how they truly felt; and the findings were impressive.
Figure 1: EEG Metrics: Emotional Engagement (blue) and
Attentional Activation (red)
vue December 2013
F E ATURE
Figure 2: The Most- and Least-Liked Stages in the App
Figure 3: Participant Expression of Intention to Use the
Pizza Pizza Mobile App in the Near Future
When the Brain and Mouth Disagree
Pizza Pizza wins at checkout, with a simple and
straightforward user experience. When the immediacy of the
reward (i.e., food delivered within an hour) is factored in, the
user is both emotionally invested and keenly interested. The
bottom line is that, once a customer is interested, it’s imperative
that delivery be as quick and as easy as possible. Also, among
the three apps, this one is the most downloaded and the most
positively reviewed in the App Store.
The full report of this study can be downloaded by going to
www.trueimpact.ca or www.plasticmobile.com
One of the seven key findings of this study highlights the
importance of diving below the surface of spoken assessments
in order to understand the consumer’s true opinion. The Pizza
Pizza navigation process included opening the app, choosing a
pizza, customizing the toppings, proceeding to checkout, and
finally entering personal information.
When asked, 62 per cent said they preferred the selection
stage, which included choosing the pizza and its toppings. Also,
55 per cent said they disliked the checkout stage, including
entering their personal and payment details. So far, this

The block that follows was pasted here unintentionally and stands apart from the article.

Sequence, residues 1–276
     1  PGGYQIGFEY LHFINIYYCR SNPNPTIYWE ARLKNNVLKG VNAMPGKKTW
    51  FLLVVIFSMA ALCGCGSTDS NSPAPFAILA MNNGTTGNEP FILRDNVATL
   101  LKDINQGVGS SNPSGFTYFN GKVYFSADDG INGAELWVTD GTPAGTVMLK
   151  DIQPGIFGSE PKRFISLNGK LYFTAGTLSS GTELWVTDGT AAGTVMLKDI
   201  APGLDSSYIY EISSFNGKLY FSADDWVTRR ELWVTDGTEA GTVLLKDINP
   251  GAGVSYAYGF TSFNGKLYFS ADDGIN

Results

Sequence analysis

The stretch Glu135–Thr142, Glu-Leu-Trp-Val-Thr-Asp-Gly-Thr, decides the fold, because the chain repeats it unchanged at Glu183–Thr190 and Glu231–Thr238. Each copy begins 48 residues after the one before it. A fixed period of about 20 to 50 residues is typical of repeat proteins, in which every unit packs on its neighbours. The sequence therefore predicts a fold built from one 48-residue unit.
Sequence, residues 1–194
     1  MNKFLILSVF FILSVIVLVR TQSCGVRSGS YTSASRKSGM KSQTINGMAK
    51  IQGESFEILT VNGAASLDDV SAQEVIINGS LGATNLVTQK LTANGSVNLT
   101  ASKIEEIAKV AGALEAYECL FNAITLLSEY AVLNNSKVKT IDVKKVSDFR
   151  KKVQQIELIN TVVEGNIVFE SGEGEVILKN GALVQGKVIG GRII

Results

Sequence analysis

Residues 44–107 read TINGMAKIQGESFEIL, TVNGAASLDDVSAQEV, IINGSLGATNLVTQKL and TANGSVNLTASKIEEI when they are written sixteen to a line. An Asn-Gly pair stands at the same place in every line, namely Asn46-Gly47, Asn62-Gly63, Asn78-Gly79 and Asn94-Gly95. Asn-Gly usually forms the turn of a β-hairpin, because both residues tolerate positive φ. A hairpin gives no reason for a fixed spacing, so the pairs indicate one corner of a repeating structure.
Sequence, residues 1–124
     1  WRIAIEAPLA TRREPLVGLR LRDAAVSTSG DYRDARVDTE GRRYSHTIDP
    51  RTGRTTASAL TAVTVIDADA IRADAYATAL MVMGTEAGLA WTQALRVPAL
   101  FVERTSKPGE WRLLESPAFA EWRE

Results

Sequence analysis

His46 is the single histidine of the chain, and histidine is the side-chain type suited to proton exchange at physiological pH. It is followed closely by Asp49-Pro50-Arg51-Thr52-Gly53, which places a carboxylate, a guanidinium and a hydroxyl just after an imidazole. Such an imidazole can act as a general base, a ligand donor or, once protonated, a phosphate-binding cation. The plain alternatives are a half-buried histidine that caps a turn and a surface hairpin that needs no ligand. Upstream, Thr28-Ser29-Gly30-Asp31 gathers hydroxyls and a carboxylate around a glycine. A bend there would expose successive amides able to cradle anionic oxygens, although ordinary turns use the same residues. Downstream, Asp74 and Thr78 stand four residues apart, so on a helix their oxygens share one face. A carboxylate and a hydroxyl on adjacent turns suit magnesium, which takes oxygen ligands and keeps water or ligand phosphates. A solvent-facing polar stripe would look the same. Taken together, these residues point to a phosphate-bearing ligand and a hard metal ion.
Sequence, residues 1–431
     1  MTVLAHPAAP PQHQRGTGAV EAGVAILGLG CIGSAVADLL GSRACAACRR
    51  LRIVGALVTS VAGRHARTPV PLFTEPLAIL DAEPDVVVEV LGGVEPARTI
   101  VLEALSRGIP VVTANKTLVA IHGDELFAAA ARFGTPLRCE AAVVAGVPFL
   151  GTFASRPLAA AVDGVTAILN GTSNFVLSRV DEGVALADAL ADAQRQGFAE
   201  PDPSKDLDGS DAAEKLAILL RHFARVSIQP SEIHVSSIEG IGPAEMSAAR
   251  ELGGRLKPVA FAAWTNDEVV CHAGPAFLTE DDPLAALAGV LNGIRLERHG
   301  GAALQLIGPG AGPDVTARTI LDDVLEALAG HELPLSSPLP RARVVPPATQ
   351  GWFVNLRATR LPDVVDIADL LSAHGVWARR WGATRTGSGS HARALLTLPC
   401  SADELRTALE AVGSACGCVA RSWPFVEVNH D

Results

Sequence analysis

response makes perfect sense, since the most painful part of any
transaction is actually paying for it.
Upon reviewing the brain activities of this group, we learned
that the checkout stage was, in fact, the most emotionally
engaging. By setting the lowest values for emotion and
attention for the entire study at 0 per cent and the highest
values at 100 per cent, we saw 100 per cent emotional
activation for the checkout stage and an impressive 76 per cent
attentional activity. See figures 1 and 2.
In the post-survey, 79 per cent of users said they would use
the Pizza Pizza app again. See figure 3.
vue December 2013
The study described here is the first in the world to use
neuroscience for understanding the usability of m-commence
apps, and it opens the door to many future study directions.
For example, future studies might pursue questions such as
these: Are all food and beverage apps engaging at checkout?
What is the role of the immediacy of reward in the decisionmaking process on mobile? How do you facilitate the path to
purchase and make it easy to order food through an app?
While it will always remain important to measure explicit
responses, we must not underestimate the power of emotions
in driving decision making. They are automatic, instant
gut feelings that we are often unaware of, yet they are the
best indicators of behaviour. When paired with traditional
marketing research methodologies, neuroscience helps measure
these feelings and provides a more complete, colourful and
interesting picture of the customer – one that portrays him as
much more than data.
Diana Lucaci is the founder and CEO of True Impact Marketing,
an innovative neuromarketing research and strategy firm. Diana
serves as Canadian chair on the Neuromarketing Science &
Business Association (NMSBA) and was named one of the Top 30
Under Thirty by Marketing magazine in 2013. You can reach her
at firstname.lastname@example.org and follow her on Twitter